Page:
Categorized | Religion

Activism and modern “spirituality”

Posted on 22 June 2011 by Wm. van Nostrand

It is a known fact that there are many causes that are quite popular among the liberal bourgeoisie, who, in reality, have little understanding of the causes they are supporting.  In March of 2009, this especially came to be seen in Berekley, a city known for its liberal political views.  During that period, protesters gathered to mark the 50th anniversary of the an uprising against the policies of the Cultural Revolution in Tibet.  However wrong and anti-traditional the Cultural Revolution was, there was another visual oddity worthy of mention and criticism.  According to some local residents, prayer flags began to show up, scattered around this college town, clearly visible in public spaces.

To the supposedly culturally and socially aware, such a sight may not be strange or troubling in the least. Yet, if one examines the situation from an authentically honest vantage point, then there does seem to be something slightly problematic with such a display, for liberals have long sought to attach the Christian faith in the public sphere.  On the other end of the political spectrum, those in America who call themselves conservatives would certainly have been outraged had they been symbols of the Islamic faith.  After all, have not entire court cases been fought over the constitutionality of crèche scenes and crosses in public areas? If someone had put up a roadside shrine to the Virgin Mary like the ones seen in many countries of Latin America, or displayed a banner with the shahada, would these selectively “tolerant” individuals really think it so benign? Was this not a public sidewalk? And lastly, don’t practicioners of monotheism have a right not to be confronted by the talismanic gilded idols of Tibetan Buddhism?

This is not a denigration of the Tibetans, nor of their religion.  However, the very same people who have attempted to eliminate traces of monotheism now have no problem showing a more “spiritual” side by displaying the relics of an ancient religion.  To add to the irony, many such people cannot tell the meaning or function of such relics. They wouldn’t be able to tell the difference between a bodhisattva or buddha, the differences between the Sakya, Kagyu or Gelug sects, or how many levels there are in the bardo plain.  They just like the flags.  It gives them a false sense of self-confidence that they are socially aware, and care for others.  It’s “good karma”.  It is a symbol of their solidarity with the oppressed “colored” Tibetan people, and so on and so forth.  The Tibetans, though perhaps worthy of support from those who support self-determination seem to be getting quite a bit of support from people who never understood much about Tibetan history or religion in the politics.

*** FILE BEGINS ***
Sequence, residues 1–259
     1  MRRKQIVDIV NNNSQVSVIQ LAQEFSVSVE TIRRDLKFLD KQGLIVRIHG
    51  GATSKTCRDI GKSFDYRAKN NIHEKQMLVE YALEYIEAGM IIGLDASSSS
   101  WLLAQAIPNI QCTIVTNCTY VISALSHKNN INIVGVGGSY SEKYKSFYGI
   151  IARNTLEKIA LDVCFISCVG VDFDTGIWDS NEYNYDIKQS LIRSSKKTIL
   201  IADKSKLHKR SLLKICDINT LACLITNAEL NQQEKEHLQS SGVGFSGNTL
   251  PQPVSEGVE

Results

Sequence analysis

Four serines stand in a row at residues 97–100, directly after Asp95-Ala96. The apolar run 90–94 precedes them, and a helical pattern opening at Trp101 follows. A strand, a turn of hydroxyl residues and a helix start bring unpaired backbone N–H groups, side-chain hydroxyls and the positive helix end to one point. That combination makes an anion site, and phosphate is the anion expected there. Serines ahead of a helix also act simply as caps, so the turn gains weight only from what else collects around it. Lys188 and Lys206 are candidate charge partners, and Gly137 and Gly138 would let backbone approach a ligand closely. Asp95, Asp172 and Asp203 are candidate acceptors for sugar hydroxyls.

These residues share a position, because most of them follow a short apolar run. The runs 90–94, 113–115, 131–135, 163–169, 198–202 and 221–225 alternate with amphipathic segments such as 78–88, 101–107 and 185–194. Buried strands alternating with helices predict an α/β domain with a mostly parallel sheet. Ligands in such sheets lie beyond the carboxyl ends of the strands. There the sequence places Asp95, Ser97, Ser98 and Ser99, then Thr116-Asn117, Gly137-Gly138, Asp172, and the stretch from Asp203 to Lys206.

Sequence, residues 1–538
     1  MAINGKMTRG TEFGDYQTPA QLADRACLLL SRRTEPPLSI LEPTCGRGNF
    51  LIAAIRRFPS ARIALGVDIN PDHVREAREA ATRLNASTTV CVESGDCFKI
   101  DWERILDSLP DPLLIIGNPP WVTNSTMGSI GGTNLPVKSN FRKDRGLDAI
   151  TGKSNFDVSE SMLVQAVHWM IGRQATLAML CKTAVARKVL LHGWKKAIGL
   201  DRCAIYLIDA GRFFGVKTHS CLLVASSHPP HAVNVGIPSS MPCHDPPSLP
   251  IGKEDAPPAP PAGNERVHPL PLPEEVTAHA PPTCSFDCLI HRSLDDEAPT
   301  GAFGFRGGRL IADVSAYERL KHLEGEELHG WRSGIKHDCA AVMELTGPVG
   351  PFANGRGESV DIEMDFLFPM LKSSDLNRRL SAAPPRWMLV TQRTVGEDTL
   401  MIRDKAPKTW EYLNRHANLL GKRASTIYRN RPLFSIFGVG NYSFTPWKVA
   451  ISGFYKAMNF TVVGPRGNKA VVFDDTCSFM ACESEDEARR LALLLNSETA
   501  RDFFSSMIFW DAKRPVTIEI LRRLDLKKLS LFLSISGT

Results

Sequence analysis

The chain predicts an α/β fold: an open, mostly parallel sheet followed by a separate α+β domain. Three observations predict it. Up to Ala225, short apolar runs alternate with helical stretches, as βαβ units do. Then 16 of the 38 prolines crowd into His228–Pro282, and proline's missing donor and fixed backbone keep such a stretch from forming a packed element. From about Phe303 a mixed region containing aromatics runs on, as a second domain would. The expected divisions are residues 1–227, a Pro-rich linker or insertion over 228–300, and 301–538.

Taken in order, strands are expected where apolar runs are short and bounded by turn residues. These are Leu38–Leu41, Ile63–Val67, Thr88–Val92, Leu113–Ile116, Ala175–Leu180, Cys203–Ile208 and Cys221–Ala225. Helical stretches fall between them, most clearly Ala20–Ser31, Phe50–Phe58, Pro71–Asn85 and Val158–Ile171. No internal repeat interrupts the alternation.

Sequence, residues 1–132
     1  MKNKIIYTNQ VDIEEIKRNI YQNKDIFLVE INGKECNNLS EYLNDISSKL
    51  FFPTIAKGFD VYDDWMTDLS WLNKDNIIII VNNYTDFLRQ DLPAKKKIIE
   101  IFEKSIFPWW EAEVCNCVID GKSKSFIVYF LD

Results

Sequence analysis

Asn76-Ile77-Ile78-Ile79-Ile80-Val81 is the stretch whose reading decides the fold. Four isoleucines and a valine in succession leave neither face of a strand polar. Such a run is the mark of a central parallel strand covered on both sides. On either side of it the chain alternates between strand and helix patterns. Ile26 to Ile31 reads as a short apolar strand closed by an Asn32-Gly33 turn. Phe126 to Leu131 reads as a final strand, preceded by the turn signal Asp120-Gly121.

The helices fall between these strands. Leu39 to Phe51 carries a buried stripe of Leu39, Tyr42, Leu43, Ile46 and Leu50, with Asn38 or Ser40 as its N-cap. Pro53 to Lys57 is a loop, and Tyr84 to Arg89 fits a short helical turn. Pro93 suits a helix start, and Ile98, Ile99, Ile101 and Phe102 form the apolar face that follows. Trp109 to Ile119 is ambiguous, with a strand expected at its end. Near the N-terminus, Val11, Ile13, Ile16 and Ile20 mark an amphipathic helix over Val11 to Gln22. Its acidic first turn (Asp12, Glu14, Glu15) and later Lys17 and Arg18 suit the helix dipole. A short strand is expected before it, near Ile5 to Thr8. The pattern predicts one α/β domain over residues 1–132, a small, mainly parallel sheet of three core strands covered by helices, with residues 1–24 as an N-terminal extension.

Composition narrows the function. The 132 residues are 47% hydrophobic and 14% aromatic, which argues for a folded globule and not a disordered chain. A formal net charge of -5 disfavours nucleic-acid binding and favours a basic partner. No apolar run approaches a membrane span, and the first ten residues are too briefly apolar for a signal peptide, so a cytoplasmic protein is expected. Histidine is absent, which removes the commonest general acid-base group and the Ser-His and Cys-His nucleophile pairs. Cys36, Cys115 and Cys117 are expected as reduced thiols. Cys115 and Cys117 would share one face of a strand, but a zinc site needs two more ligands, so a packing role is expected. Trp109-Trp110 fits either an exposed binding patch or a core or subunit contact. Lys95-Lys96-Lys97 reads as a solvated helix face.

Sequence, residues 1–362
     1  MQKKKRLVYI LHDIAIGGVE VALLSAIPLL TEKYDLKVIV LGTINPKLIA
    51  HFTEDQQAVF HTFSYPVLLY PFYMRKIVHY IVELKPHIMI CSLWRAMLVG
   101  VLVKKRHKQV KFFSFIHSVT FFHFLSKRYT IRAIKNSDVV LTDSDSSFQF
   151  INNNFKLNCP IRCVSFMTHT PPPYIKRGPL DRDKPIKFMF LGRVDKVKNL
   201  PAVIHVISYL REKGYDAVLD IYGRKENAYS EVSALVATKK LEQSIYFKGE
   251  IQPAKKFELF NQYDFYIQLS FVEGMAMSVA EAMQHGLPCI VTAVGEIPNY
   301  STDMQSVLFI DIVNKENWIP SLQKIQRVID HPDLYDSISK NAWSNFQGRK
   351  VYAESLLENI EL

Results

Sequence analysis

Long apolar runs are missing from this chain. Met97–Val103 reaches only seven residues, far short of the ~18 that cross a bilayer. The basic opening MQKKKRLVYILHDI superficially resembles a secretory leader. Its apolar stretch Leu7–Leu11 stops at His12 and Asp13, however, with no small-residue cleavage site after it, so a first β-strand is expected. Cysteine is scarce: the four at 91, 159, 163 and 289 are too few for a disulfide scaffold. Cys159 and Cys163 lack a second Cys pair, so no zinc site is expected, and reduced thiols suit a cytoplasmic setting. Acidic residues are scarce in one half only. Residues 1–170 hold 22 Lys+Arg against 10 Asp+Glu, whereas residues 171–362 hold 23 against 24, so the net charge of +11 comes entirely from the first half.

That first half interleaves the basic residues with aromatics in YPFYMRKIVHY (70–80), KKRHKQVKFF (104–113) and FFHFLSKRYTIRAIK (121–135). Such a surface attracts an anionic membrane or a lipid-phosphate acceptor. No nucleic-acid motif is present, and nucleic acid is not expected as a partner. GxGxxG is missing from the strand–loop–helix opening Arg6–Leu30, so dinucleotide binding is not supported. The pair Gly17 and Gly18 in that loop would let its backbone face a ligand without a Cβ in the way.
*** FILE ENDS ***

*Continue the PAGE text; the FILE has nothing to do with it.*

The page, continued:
In the modern world, where standardization is the norm, members of society are over-socialized.  This means that they are only marginally capable of adopting broadly acceptable principles, and applying such principles ad absurdum in order to accuse others of violating those principles.  Therefore, while supporting the “non-white” Tibetans is considered acceptable by the media or by pseudo-academics, supporting the right of Afrikaners to live in peace in South Africa, or supporting the right of the Palestinian people to preserve their ethnic rights is not acceptable, and hence the average American does not support it.